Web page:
Avoidance of strobe lights by zooplankton

Lake and Reservoir Management
By: , and 



Underwater strobe lights can influence the behavior and distribution of fishes and are increasingly used as a technique to divert fish away from water intake structures on dams. However, few studies examine how strobe lights may affect organisms other than targeted species. To gain insight on strobe lighting effects on nontarget invertebrates, we investigated whether underwater strobe lights influence zooplankton distributions and abundance in Lake Oahe, South Dakota. Zooplankton were collected using vertical tows at 3 discrete distances from an underwater strobe light to quantify the influence of light intensity on zooplankton density. Samples were collected from 3 different depth ranges (0–10 m, 10–20 m and 20–30 m) at <1 m, 15 m and ⩾100 m distance intervals away from the strobe light. Copepods represented 67.2% and Daphnia spp. represented 23.3% of all zooplankton sampled from 17 August to 15 September 2004. Night time zooplankton densities significantly decreased in surface waters when strobe lights were activated. Copepods exhibited the greatest avoidance patterns, while Daphnia avoidance varied throughout sampling depths. These results indicate that zooplankton display negative phototaxic behavior to strobe lights and that researchers must be cognizant of potential effects to the ecosystem such as altering predator–prey interactions or affecting zooplankton distribution and growth.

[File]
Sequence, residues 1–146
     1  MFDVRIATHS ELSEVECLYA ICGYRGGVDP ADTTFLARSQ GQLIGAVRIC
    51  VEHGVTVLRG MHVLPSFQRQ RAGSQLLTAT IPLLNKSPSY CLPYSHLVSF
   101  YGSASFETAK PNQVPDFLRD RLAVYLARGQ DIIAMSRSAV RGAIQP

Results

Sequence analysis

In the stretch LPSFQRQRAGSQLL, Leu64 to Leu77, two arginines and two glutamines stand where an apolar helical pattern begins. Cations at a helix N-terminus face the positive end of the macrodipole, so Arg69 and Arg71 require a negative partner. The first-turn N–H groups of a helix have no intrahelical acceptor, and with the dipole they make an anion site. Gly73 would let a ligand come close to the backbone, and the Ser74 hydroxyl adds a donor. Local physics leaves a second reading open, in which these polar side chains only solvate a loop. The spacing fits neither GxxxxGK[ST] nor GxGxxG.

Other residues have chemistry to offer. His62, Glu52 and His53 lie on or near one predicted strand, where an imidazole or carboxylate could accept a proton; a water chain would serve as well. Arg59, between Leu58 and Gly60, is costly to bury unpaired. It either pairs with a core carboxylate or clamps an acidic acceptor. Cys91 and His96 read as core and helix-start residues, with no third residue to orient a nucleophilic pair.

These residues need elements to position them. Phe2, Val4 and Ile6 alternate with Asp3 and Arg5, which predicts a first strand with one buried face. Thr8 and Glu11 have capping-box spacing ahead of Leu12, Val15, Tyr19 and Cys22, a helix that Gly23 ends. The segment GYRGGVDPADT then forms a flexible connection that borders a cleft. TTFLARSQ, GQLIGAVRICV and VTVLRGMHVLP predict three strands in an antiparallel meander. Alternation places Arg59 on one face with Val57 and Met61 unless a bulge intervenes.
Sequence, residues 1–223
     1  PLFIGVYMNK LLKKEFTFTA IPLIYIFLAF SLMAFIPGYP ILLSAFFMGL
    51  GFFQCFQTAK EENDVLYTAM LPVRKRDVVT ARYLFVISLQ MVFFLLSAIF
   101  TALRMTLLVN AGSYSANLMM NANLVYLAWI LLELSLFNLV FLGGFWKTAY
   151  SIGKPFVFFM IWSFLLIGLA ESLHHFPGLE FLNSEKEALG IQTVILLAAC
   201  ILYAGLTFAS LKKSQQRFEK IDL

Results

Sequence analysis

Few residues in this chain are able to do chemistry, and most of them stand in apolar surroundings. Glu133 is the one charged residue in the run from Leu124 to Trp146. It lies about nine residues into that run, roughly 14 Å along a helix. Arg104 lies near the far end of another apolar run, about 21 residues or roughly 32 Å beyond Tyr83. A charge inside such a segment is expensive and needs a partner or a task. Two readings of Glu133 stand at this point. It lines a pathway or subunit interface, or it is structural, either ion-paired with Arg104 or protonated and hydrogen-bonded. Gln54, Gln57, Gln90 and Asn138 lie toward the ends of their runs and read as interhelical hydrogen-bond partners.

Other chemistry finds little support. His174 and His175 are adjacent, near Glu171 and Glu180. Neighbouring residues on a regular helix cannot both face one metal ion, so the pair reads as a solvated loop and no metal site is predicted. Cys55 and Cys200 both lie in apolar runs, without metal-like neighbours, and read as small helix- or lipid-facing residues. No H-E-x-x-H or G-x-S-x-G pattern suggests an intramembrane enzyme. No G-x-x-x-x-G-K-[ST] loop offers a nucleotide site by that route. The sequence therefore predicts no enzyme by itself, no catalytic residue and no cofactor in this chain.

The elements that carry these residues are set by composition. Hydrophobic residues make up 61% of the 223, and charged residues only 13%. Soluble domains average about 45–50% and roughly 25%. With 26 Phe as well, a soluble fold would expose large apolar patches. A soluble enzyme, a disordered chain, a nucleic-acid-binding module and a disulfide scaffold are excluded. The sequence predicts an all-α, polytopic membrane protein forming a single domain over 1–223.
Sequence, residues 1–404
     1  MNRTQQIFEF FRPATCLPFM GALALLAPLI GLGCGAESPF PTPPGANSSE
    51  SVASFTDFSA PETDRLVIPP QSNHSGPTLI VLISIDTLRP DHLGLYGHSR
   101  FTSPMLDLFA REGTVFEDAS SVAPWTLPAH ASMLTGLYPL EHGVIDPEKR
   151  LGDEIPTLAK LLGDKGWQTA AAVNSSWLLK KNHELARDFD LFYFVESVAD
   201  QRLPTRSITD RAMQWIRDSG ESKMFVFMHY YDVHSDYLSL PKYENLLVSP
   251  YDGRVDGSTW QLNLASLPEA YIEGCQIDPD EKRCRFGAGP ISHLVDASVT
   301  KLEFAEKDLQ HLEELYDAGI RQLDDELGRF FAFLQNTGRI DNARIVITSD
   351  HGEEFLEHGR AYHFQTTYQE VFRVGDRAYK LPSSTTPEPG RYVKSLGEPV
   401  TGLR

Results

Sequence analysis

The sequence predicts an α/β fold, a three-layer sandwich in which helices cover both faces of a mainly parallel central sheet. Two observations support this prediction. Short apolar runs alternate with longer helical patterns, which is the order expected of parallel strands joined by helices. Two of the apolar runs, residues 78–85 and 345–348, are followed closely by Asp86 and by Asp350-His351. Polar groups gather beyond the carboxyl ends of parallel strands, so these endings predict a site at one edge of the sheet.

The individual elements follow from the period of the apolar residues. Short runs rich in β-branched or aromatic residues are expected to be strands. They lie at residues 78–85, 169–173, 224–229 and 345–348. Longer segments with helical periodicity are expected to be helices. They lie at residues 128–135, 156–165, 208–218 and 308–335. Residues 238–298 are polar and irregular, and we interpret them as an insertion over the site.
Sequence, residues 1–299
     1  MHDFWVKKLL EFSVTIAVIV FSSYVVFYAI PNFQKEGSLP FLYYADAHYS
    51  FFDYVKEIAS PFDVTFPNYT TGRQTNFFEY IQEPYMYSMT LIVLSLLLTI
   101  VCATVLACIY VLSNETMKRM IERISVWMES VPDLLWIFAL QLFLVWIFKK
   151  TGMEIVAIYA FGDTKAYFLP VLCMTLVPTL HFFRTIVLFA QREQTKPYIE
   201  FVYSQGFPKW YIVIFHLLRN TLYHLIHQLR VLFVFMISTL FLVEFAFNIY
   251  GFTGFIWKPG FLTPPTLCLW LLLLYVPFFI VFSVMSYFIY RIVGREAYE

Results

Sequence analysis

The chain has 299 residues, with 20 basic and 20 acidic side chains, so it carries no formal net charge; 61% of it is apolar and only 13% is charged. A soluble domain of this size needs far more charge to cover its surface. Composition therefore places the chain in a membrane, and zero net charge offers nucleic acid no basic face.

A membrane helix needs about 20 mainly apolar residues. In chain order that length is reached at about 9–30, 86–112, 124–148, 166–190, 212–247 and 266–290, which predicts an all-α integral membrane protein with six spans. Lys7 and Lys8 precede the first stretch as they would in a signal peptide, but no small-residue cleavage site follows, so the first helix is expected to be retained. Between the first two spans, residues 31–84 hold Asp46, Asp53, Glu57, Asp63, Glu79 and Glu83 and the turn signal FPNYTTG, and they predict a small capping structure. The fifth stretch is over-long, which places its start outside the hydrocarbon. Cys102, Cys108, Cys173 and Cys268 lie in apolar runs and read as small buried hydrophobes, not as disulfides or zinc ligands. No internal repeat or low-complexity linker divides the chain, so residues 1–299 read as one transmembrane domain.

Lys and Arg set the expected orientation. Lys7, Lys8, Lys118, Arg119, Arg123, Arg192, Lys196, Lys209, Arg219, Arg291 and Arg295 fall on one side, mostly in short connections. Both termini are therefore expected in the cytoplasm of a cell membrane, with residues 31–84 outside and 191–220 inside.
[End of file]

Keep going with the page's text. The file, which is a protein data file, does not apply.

Publication type Article
Publication Subtype Journal Article
Title Avoidance of strobe lights by zooplankton
Series title Lake and Reservoir Management
DOI 10.1080/07438141.2010.511968
Volume 26
Issue 3
Year Published 2010
Language English
Publisher Taylor and Francis
Contributing office(s) Coop Res Unit Leetown
Description 5 p.
First page 212
Last page 216
Online Only (Y/N) N
Additional Online Files (Y/N) N
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